Would today’s Christianity have been able to build a society?

Many are those who want to take part in the glory of and praises the Christianity that made our civilization. But how many are really willing to take part in the Christianity that built our society; a society we now find on its way to the sickbed?

Carl Rudbeck, a literary and writer, writes in a chronicle of Smedjan (”All religions are not as good”, 03-06-2017 [In Swedish]) on the relationship between Christianity and society. His text raises the question whether today’s Christianity could have made a civilization?

Rudbeck assumes the concept of truth: ”Christianity and Islam have long been combating each other. They can’t be combined. But the theologians who speak clearly are rare. Both religions may well be false but both can’t be true.”

Also read: The blinding eagerness for equality

He’s right. Both can’t be true. It is like that with the truth. Either something is true or it’s not true. About this and about the consequences of relativism we have previously written here on Gammankatolsk idédebatt. Rudbeck further claims that Christianity is the better option. Not least in creating societies:

”The truth in the religious dogma seems to be about as high or low, but what can be compared is the social, moral and political consequences of different religions. Here, it seems to me that Christianity strikes other religions. In short, Christianity has created better societies than other religions have succeeded in doing.”

Now, that very Christian faith and teaching that brought with it the social, moral and political consequences that Rudbeck believes is superior, must have been so profound that it was held true. Otherwise, these social, moral and political progress had never been made. And the foundation of the Christian tradition is just that: it is truth revelated.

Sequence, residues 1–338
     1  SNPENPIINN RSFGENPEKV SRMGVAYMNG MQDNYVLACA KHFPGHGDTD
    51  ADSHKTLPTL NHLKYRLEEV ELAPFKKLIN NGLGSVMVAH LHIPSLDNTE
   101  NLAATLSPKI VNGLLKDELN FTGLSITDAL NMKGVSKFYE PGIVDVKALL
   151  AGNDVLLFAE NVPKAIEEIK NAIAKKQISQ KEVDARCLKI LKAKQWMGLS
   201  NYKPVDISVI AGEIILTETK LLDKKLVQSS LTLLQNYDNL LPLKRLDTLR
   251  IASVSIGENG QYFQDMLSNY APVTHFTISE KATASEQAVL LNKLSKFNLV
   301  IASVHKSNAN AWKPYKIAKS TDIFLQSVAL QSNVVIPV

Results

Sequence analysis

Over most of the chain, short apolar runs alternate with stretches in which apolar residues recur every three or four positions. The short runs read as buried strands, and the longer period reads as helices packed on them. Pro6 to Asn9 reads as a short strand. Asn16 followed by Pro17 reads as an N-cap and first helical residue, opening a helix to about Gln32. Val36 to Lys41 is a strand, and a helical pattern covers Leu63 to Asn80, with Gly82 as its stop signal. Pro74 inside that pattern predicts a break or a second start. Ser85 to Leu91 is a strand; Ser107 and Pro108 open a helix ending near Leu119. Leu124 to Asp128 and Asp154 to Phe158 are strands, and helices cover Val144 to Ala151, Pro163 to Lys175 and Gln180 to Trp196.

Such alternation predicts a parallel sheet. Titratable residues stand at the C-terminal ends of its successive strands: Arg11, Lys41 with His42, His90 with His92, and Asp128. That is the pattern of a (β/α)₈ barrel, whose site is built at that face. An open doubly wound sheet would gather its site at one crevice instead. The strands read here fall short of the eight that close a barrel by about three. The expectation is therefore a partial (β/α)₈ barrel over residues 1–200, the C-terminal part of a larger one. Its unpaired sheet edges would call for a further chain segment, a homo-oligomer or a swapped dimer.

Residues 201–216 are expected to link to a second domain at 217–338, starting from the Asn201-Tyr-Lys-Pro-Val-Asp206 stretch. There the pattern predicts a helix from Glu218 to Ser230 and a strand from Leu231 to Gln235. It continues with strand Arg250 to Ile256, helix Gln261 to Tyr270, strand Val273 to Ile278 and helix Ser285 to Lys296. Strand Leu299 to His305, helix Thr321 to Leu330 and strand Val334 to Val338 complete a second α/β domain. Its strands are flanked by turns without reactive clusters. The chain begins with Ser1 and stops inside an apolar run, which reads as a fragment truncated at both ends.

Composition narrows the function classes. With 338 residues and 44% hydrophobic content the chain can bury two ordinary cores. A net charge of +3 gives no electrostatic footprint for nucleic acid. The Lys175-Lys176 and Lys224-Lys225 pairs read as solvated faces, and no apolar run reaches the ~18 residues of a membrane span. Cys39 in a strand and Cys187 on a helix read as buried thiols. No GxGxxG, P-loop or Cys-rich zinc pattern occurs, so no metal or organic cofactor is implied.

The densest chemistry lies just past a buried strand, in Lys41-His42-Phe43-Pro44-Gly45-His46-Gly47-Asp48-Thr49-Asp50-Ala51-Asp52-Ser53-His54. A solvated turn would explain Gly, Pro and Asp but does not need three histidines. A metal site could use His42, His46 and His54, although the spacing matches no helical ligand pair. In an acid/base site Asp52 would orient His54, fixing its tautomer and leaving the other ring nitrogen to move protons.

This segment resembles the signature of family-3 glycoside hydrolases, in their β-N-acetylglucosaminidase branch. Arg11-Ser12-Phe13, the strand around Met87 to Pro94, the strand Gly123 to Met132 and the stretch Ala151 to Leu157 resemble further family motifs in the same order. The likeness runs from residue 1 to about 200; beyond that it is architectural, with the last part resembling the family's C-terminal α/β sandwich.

Rudbeck then takes on liberalism which ”launched a critical thinking that led to renaissance and enlightenment – and paradoxically to the secularized society.” It seems though that he does not see the problem at all in the fact that the Christianity he believes is the foundation of our society, was given less and less space with the enlightenment to become, for the ”secular society”, committed to the sphere of private religion. Rudbeck thus contributes to pulling away the carpet for future generations.

But he saw just that criticism coming. Therefore, he is making sure to diagnose those who claim that the solution for today’s problems is found in the original quelle – that is, in the cradle of Christianity; In the undivided Church. Rudbeck writes:

”The Christian thinker who believes that the solution to today’s problem would be to go back to the world of early Christianity, rightly would be stamped as crazy.”

Sant_Basil_The_Prayer

A fool for Christ: ”Sant Basil The Prayer” (Sergei Kirillov).

Well, Carl Rudbeck; I’m here! Do you mean I’m crazy? I would admit to being a fool (cf. ”fool for Christ”) in relation to the postmodern, relativistic and more morbid society in which we live. But I seriously believe that we must find our way back to the Christianity that once formed our civilization. We have to go back to the source!

Also read: It’s the culture that carries the politics

The question is, therefore, if today’s Christianity; the adaptable, watered, unrecognizable interpreted and worldly orchestrated could really build a civilization? Could it have stood up against the Turks in Vienna in 1683? Can it hit the devil’s cunning and dazzling today? Would anyone be prepared to die for modern Christianity?

It was not the name ”Christian” who built civilization but rather the content; the faith and teaching that people were prepared to sacrifice their lives for and that once made it all possible. And the well-proven is still possible.

Franciskus Urban

This is a translation of a piece published here in Swedish on July 5th

 

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